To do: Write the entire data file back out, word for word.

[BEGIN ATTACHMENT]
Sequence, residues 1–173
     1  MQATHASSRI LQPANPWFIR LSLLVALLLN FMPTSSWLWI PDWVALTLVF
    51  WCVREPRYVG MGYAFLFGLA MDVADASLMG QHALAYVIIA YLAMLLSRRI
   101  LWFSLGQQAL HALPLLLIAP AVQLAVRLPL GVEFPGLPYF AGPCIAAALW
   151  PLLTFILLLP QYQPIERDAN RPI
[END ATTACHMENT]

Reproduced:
Sequence, residues 1–173
     1  MQATHASSRI LQPANPWFIR LSLLVALLLN FMPTSSWLWI PDWVALTLVF
    51  WCVREPRYVG MGYAFLFGLA MDVADASLMG QHALAYVIIA YLAMLLSRRI
   101  LWFSLGQQAL HALPLLLIAP AVQLAVRLPL GVEFPGLPYF AGPCIAAALW
   151  PLLTFILLLP QYQPIERDAN RPI